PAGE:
Carroll: Walter Hartwell White, 1961-2013 | AspenTimes.com

Carroll: Walter Hartwell White, 1961-2013

Walter Hartwell White, also known as Heisenberg, died in the line of gunfire Sunday night. He was 52.

A graduate of the California Institute of Technology, Walt fell on hard times and eventually became a chemistry teacher in Albuquerque, N.M. He enjoyed dining on big breakfasts, wearing his fabled porkpie hat, reciting passages from "Leaves of Grass" and sitting poolside with family and friends while drinking microbrews.

He also treasured the ride-alongs he had with his brother in-law, Hank Schrader, who was a member of the Drug Enforcement Administration.

Walt took a liking to Hank's work, and when he became afflicted with terminal lung cancer, Walt launched a career in the production and distribution of methamphetamine, unbeknown to Hank for more than a year. Walk did this so he could support his wife and teenage son, Walt Jr., and the soon-to-be-born Holly, who he held at least three times during her life.

A strong chemistry background and brilliant brain made the perfect recipe for Walt's transformation into a criminal mastermind, as he led a wildly successful career in the methamphetamine trade. But it was a dangerously competitive field, as well.

While generally mild mannered, Walt would have to adjust to his new career by taking on a violent tenor, and he did so admirably.

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Some of his noblest achievements were the gruesome murder of Krazy-8 Molina, done by strangling him with a bicycle U-lock; the poisoning death of meth kingpin Lydia; and the dismantling of Aryan Nation members in Sunday's shoot-out, an event engineered by Walt and, in an ironic twist of fate, led to his demise. Walt also orchestrated the death of meth lord and Los Pollos Hermanos CEO Gustavo Fring, whose face was dismantled inside the Casa Tranquila retirement home. He also played a major role in the death of another meth lord, Tuco Salamanca, who ultimately was shot to death by Hank. Hank, incidentally, met his death at the hands of the Aryan members, whom Walt had aligned himself with earlier this year.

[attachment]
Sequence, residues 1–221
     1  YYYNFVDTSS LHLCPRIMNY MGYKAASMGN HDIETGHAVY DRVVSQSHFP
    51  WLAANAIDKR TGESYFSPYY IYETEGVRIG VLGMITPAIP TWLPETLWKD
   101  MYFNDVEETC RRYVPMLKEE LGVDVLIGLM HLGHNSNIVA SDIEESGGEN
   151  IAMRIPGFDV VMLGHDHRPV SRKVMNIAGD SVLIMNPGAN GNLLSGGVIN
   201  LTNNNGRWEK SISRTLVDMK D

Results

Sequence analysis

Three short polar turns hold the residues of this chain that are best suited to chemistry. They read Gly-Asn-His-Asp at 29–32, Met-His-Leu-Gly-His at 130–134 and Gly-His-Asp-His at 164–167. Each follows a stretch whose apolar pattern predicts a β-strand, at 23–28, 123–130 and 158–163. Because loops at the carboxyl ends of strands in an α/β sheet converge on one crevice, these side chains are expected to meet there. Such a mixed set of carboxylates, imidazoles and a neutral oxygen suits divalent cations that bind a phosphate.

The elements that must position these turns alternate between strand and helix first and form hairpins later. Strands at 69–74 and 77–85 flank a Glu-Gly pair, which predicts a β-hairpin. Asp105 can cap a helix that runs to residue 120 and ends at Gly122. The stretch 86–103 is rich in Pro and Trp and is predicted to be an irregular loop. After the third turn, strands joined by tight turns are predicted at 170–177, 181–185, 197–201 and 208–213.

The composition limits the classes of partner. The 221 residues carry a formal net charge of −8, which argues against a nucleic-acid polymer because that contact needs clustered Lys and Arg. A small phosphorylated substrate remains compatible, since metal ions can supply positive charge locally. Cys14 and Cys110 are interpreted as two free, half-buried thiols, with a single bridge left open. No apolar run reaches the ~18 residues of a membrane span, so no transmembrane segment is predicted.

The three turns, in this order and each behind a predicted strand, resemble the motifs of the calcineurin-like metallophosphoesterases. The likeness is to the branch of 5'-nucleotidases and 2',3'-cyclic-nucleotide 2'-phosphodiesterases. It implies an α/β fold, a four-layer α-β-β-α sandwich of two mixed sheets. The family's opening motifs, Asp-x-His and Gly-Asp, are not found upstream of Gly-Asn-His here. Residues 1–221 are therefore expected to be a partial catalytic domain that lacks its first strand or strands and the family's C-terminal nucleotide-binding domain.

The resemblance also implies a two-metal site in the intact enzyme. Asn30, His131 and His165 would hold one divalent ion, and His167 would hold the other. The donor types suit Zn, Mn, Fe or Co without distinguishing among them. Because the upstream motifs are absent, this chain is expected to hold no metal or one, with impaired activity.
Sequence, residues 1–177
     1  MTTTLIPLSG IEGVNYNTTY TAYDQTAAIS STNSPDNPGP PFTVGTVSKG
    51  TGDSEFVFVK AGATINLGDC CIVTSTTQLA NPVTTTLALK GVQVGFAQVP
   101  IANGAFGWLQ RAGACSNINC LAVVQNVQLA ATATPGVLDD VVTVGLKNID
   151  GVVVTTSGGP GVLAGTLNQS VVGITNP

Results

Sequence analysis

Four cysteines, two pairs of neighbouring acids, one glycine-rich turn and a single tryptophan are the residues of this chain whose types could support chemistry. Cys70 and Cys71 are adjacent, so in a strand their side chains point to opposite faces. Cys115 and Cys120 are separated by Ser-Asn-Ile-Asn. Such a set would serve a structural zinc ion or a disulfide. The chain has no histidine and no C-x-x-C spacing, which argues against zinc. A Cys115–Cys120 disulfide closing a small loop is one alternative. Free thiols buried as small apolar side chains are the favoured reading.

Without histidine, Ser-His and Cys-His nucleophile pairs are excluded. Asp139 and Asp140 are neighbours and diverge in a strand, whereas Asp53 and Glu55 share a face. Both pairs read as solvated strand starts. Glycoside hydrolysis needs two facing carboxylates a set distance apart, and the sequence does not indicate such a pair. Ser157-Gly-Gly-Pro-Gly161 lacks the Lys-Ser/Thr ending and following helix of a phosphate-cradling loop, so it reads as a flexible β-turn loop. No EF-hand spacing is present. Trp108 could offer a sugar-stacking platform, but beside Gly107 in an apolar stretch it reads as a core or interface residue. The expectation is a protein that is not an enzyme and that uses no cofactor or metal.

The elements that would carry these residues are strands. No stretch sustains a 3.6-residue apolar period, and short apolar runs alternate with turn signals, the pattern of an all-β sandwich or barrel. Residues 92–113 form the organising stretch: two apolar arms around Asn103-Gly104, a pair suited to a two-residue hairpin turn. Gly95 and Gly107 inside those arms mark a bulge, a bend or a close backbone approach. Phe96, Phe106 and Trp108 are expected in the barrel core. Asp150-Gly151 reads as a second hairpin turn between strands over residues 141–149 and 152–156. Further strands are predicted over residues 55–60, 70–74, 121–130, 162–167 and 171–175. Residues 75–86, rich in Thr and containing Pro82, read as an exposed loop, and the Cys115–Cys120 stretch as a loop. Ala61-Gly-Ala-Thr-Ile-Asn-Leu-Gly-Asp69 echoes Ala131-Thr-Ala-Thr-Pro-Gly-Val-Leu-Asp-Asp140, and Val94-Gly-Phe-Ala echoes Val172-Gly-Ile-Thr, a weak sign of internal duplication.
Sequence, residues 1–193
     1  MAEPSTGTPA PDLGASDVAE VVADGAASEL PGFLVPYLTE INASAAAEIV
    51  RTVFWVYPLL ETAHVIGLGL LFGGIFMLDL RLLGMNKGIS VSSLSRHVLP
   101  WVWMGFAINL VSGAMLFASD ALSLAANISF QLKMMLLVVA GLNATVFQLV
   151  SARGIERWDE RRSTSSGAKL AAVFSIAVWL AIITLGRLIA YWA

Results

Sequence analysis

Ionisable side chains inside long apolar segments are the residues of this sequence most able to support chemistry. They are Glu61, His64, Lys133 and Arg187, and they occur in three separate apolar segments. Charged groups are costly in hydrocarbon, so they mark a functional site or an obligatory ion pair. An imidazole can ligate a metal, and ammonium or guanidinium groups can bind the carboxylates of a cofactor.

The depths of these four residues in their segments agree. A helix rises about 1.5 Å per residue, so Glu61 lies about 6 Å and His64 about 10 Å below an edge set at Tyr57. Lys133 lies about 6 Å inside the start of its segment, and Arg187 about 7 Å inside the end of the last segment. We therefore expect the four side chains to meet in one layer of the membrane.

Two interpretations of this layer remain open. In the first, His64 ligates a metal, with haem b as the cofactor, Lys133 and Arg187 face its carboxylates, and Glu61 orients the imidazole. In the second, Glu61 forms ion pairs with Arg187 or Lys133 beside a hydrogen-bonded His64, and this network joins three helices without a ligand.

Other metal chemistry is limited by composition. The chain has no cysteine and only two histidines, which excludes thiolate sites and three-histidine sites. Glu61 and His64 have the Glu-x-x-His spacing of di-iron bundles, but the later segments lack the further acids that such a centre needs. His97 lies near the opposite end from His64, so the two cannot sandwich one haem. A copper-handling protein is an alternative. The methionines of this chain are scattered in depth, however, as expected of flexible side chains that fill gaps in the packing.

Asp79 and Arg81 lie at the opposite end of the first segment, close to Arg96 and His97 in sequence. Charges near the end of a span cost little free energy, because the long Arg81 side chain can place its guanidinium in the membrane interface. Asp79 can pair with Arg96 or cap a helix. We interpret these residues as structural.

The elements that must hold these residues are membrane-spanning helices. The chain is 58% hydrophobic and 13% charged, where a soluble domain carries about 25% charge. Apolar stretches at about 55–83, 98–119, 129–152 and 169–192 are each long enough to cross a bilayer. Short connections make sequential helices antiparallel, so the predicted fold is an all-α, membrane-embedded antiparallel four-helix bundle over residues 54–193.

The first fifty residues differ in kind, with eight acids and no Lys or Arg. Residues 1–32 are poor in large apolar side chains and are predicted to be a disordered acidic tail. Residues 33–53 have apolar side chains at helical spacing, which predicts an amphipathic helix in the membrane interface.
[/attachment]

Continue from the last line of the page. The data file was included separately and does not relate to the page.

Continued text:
Indeed, Walt wasn't exactly a picture of moral decency. He sat by idly as a young woman overdosed on meth and once poisoned a young boy nearly to death.

Yet Walt was a deeply complicated and even more troubled man, in large part because of his research that led to the creation of Gray Matter Technologies. Walt left the firm while it was in its infancy, and he sold his interest for $5,000 to former classmate Elliot Schwartz, who would go on to marry Walt's ex-lover, Gretchen.

Walt's love for his family was his greatest attribute but also his greatest flaw. His historically disturbing telephonic tirade against his wife, Skylar, nearly three weeks ago would set off the chain of events that led to his death.

Even so, Walt White was an intelligent teacher, a wise mentor and a master escape artist.

But his greatest trait was that he epitomized the American dream, or what's left of it, at least.

He was a shrewd, self-made entrepreneur who did things his way on his terms. A few times he stumbled on his own vanity due to some emotionally fueled decisions. Yet in the days leading up to his death, Walt saved face by a perfectly manicured exit plan that made the world a better place.

Walt is survived by his wife, Skylar; son, Walt Jr.; daughter, Holly; and sister-in-law, Marie Schrader. In a strange way, Walt considered his apprentice, Jesse Pinkman, a family member, as well. His attorney, Saul Goodman, also grieves his loss, along with Skinny Pete and Badger.

Funeral arrangements are pending. In lieu of flowers, the White family requests that donations be made to a trust fund in the name of Walter White Jr. The Schwartz couple will be managing donations made to that account.

Rick Carroll is editor of The Aspen Times. He takes comments, complaints, questions and news tips at rcarroll@aspentimes.com.